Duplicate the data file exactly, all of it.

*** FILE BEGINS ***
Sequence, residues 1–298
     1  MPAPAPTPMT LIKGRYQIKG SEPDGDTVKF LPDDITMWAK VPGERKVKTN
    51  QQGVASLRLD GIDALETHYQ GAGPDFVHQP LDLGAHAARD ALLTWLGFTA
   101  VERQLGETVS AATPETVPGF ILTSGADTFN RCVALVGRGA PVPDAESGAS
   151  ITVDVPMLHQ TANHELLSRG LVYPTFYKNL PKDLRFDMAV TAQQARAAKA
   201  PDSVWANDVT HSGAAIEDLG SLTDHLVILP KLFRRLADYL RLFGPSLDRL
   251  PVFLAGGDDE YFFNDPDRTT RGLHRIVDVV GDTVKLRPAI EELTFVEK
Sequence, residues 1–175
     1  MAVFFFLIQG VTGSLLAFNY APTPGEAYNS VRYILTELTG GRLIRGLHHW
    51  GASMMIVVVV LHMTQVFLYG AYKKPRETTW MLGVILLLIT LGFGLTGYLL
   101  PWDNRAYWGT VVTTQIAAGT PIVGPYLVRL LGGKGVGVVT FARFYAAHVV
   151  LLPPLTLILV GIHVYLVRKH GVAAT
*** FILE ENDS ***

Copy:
Sequence, residues 1–298
     1  MPAPAPTPMT LIKGRYQIKG SEPDGDTVKF LPDDITMWAK VPGERKVKTN
    51  QQGVASLRLD GIDALETHYQ GAGPDFVHQP LDLGAHAARD ALLTWLGFTA
   101  VERQLGETVS AATPETVPGF ILTSGADTFN RCVALVGRGA PVPDAESGAS
   151  ITVDVPMLHQ TANHELLSRG LVYPTFYKNL PKDLRFDMAV TAQQARAAKA
   201  PDSVWANDVT HSGAAIEDLG SLTDHLVILP KLFRRLADYL RLFGPSLDRL
   251  PVFLAGGDDE YFFNDPDRTT RGLHRIVDVV GDTVKLRPAI EELTFVEK
Sequence, residues 1–175
     1  MAVFFFLIQG VTGSLLAFNY APTPGEAYNS VRYILTELTG GRLIRGLHHW
    51  GASMMIVVVV LHMTQVFLYG AYKKPRETTW MLGVILLLIT LGFGLTGYLL
   101  PWDNRAYWGT VVTTQIAAGT PIVGPYLVRL LGGKGVGVVT FARFYAAHVV
   151  LLPPLTLILV GIHVYLVRKH GVAAT